A gigantic cold front in the Perseus galaxy cluster has been observed by a trio of X-ray telescopes.
The ancient cold front can be seen at the left of the image, drifting away from the inner, younger front closer to the centre. Galactic cold fronts are nothing like the cold fronts we experience on Earth – instead they are caused by galaxy clusters colliding into one another. The gravitational pull of a larger cluster tugs a smaller cluster closer, resulting in gas in the core of the cluster being sloshed around like liquid in a glass. This creates a cold front in a spiral pattern moving outwards from the core and these sloshing cold fronts can provide a probe of the intercluster medium.
Cold fronts are the oldest coherent structures in cool core clusters and this one has been moving away from the centre of the cluster for over five billion years – longer than our Solar System has been in existence. The long curving structure spans around two million light years and is travelling at around 50 kilometres per second.
The image combines data from NASA's Chandra X-Ray observatory, ESA's XMM-Newton and the German Aerospace Centre-led ROSAT satellite. Chandra also took a separate close-up of the upper left of the cold front, revealing some unexpected details.
The Perseus galaxy cluster contains thousands of galaxies and a supermassive black hole at the centre. The black hole is responsible for creating a harsh environment of sound waves and turbulence that should erode a cold front over time, smoothing out the previously sharp edges and creating gradual changes in density and temperature. Instead, the high-resolution Chandra image showed a surprisingly sharp edge on the cold front, and a temperature map revealed that the upper left of the cold front is split in two.
The sharpness of the cold front suggests it has been preserved by strong magnetic fields wrapped around it, essentially acting as a shield against the harsh environment. This magnetic "draping" prevents the cold front from diffusing and is what has allowed it to survive so well for over five billion years as it drifts away from the centre of the cluster.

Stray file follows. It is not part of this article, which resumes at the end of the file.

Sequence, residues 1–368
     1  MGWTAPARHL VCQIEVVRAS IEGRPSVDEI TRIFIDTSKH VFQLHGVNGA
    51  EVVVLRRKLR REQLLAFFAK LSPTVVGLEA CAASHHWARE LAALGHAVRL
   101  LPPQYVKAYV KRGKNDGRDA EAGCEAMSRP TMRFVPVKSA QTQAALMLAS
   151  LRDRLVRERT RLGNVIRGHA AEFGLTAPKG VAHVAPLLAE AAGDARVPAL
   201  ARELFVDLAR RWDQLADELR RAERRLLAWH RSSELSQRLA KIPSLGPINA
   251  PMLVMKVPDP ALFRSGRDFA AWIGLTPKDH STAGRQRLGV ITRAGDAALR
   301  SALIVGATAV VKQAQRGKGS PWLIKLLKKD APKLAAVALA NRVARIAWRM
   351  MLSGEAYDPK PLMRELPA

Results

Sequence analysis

The geology field training course Pangaea is back for its third leg.
Designed to train astronauts and explorers on planetary formation and detecting signs of life, the Pangaea course combines classroom lectures with field trips to sites of geological interest.
Led by European scientists, this year’s participants include ESA astronaut Thomas Reiter, Roscosmos cosmonaut Sergei Kud-Sverchkov and ESA expert Aidan Cowley. They were introduced to geological processes, how to interpret rock formations and explorationtools before moving out into the field to put their knowledge into practice.
Starting in Germany, the team learned about impact craters at the world’s best preserved impact site: the Ries crater. The team then moved on to explore landscapes that resemble Mars at the Bletterbach canyon in the Italian Dolomites.
Exercises for the astronauts included describing rocks, identifying minerals and sketching the landscape as a means to read its history in detail.
From 11 to 16 November the team will get to explore the most Martian of all Earth-based landscapes: Lanzarote, in the Canary Islands.
This alien landscape is one of the best areas on Earth to understand the geological interactions between volcanic activity and water – two key factors in the search for life.
To be found among the rugged terrain are many lava tubes, such as the one pictured here.
Lava tubes are underground structures that also occur on the Moon and Mars. Being underground structures, they offer good shelters from radiation. They may contain subsurface water, and therefore be interesting in the search of extraterrestrial microbial life. This makes them an ideal site to explore for future planetary explorers.